154 – Today I Wholesaled a House

Today I am going to talk about the house that I wholesaled. When I say that I wholesaled it, I mean that I was part of the process. I have never done a wholesale deal before, and this one was a bit unusual. I kind of liked it–and I think I’m going to do more.

So, when I say I wholesaled a property today I have to explain a little bit; this wasn’t a conventional wholesale deal from start to finish.

About a month ago, a friend of mine called me out of the blue and asked me if I was still doing real estate–this is a friend who I have not seen in a few years. I had hung out with him a few years back and was telling him about my real estate business. He had been very intrigued and had asked a lot of questions at the time. I hadn’t seen him since. So, I was surprised when I got this call from him; he told me that his mother had  passed away a few months earlier and her house had been willed to him and his sister. They had no idea what to do with it and didn’t want the burden. When I asked him how much he needed to get for the house, he told me that he had looked it up on Zillow and the “zestimate” was $30,000. Now, that may seem incredibly cheap, and it is,  but you need to know is that this house is located in Detroit–and not exactly the best area of Detroit. Not the worst area, but still, not the best.

I do not buy or sell houses in Detroit. I certainly don’t flip houses in Detroit, and really have made it a policy of mine for the last few years to stay away from Detroit properties. That is with good reason, as I used to dabble in Detroit real estate. It was a huge disaster at the time, and I vowed to stay away. I want to be clear here – I don’t have a problem with people who buy real estate in Detroit, I just decided it wasn’t a good fit for me and my business.

Okay, so my friend had looked on Zillow and determined that this property should be worth $30,000. I told him that that seemed high, but that I would do some research and get back to him. I called the two or three people that I am associated with who have done a lot of business in Detroit and could possibly be interested in the property. They all came back around the same price points: $12,000. I called my friend and told him the numbers that I was finding. I told him that I didn’t think he would be able to get $30,000 for the property. He informed me that he was going to call a realtor and explore his options. I wished him good luck, and told him to call me if anything changes. Like I said, I really don’t deal with Detroit properties as a rule, but I wanted to help my friend out of the situation, and see if there was anything I could do.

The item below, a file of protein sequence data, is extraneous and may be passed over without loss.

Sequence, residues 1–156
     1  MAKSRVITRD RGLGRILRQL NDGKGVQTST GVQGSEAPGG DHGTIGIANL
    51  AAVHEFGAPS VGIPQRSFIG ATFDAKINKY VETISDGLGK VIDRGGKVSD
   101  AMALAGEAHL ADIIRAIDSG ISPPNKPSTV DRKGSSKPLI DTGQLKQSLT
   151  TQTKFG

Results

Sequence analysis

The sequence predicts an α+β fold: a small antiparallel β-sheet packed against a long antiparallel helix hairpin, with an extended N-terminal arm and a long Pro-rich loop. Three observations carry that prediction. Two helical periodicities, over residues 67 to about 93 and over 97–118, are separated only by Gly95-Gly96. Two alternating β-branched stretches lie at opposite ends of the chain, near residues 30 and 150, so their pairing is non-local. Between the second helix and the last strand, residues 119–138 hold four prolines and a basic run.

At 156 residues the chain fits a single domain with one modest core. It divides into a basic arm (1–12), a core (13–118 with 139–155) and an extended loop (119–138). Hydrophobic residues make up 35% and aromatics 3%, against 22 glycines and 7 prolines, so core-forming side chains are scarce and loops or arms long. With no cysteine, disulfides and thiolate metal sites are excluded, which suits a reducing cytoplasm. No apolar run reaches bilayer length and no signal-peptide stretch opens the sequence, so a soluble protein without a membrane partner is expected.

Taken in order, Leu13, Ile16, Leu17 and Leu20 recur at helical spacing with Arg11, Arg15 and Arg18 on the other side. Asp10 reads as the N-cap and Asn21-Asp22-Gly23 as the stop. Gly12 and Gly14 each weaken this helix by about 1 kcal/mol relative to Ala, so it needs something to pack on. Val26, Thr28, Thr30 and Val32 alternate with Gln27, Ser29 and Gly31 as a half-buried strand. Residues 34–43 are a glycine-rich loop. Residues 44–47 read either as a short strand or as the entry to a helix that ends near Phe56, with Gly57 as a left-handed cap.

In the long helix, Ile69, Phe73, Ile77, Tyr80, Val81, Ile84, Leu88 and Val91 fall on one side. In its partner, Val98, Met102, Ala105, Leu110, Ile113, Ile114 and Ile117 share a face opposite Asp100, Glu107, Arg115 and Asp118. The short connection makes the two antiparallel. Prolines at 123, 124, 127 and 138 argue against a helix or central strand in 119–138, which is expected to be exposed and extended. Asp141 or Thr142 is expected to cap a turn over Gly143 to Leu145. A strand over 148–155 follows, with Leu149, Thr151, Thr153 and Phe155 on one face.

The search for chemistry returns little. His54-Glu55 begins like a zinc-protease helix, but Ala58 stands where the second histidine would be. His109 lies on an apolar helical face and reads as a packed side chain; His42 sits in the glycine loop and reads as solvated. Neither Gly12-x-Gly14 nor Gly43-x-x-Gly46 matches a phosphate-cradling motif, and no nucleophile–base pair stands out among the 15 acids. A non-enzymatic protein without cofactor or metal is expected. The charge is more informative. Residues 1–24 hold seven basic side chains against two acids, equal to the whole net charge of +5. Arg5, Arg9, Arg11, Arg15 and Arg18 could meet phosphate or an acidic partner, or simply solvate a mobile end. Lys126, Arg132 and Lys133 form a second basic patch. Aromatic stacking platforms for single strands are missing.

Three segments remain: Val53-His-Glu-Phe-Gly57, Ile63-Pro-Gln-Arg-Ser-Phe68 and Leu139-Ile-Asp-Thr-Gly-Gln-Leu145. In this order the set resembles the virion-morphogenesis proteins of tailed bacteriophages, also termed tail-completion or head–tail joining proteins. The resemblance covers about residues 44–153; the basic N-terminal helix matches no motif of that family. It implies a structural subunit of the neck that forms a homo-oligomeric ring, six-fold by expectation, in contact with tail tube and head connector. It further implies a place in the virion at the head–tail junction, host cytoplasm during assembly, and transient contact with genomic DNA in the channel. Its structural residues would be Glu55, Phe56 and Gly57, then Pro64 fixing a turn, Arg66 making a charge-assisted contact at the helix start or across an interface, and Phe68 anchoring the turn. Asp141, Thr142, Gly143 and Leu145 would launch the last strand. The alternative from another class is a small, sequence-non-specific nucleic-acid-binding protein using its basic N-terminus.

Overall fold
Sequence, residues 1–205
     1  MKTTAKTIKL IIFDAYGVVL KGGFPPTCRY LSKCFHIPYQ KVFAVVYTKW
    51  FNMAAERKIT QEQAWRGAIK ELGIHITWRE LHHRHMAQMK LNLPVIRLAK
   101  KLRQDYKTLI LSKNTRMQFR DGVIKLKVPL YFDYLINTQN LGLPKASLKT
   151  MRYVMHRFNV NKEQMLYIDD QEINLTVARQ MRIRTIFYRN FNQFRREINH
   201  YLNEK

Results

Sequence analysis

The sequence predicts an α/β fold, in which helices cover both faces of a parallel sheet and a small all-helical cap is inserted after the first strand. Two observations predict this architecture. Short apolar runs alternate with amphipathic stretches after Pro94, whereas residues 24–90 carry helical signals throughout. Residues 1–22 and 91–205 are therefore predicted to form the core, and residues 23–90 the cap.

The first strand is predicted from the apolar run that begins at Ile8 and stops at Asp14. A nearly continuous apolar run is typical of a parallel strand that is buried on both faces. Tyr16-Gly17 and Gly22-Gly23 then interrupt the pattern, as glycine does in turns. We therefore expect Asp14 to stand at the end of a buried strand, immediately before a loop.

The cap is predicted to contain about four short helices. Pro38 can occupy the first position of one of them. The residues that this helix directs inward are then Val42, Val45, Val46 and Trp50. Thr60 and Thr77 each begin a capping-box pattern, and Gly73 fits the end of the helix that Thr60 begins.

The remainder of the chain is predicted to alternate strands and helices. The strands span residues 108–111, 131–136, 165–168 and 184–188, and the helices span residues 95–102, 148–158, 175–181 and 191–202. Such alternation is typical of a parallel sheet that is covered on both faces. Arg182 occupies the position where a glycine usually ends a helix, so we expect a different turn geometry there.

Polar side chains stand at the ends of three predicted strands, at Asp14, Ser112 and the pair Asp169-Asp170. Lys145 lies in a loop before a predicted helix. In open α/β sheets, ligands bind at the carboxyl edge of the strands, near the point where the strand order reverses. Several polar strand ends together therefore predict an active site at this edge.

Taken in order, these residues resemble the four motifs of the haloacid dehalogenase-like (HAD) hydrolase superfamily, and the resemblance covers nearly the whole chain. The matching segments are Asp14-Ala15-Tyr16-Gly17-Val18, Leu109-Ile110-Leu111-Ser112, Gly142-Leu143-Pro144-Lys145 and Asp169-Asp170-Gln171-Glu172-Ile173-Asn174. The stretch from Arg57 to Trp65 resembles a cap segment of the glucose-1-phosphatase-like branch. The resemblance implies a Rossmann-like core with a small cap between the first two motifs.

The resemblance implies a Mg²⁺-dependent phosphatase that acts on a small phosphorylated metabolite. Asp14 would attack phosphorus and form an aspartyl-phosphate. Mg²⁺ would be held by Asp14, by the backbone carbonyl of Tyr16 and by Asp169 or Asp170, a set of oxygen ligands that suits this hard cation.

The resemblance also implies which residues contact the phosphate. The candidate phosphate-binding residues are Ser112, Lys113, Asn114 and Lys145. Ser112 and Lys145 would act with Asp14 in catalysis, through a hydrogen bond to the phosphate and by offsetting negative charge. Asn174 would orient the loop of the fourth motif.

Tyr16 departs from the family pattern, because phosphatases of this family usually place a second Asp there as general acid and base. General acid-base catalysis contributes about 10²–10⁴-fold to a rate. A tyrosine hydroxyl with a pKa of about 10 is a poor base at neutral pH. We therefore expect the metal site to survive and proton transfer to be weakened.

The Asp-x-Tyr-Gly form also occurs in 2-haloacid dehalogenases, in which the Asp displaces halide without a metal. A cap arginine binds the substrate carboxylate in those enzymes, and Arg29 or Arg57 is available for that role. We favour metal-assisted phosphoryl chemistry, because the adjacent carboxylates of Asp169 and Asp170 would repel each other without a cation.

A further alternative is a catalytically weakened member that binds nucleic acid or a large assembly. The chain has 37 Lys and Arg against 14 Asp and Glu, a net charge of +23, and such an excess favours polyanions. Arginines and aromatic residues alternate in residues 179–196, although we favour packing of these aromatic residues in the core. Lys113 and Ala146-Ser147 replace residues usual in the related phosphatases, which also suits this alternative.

He ended up calling me back about a month later and told me that, if I could get him $10,000 for the property, he would be happy with that. Obviously, he had done his research too and realized that $30,000 was too high for this property. I immediately put out my feelers to the people I know and trust who work in Detroit. None of them were interested because, like I said, the house wasn’t in a great area. One individual who I reached out to however said that he would be willing to partner with me to get it sold. He had a lot more contacts in Detroit. He told me that he would market the property to his buyers list, take it all the way through closing, and we could split any profits 50-50. I agreed, and he began marketing it to his list.

There was a decent amount of interest right off the bat. Our asking price initially was $16,000. When people went to look at the house, they all agreed that it was a very nice property–very clean and well-maintained. The issue was the neighborhood and the houses surrounding it. They were badly in need of repair, and generally made the neighborhood look bad.

We were unable to get any buyers at $16,000. Then, over the course of the next four weeks, we slowly dropped the price. The sellers became a bit restless; they contacted me about a week ago and told me they were willing to drop the price down to $7,500 if I thought that would make a difference and help get the house sold. We finally dropped the price down to $12,000, and were able to get it sold as of today. We have not gone to closing yet, and I am not naïve enough to think that there’s no way the deal could fall through. But, this is an experienced buyer who has a good reputation for closing deals–I think this one should be fairly certain.

At the end of the day, this is not the most profitable deal ever made. My partner and I are going to make $2,000 each. But the seller is getting rid of a house that is a burden for them, and I am making a little bit of money for very little work. I literally sent an address out to three people. It is a win-win situation for everyone involved. And the best part about it for me is that I created a relationship with a wholesaler who I had previously never done business with. We have already started talking about how we can work together in the future and about the types of houses that I’m looking in purchasing for my flipping business; I think that I will buy a few houses from him before the year is up.

Even though I am not a wholesaler, I was able to get this deal done through partnering with someone else who had more resources and more knowledge of this area of real estate investing that I have. I really enjoyed this experience and think that I may try to do a few more wholesale deals this year!

About the author, Mike

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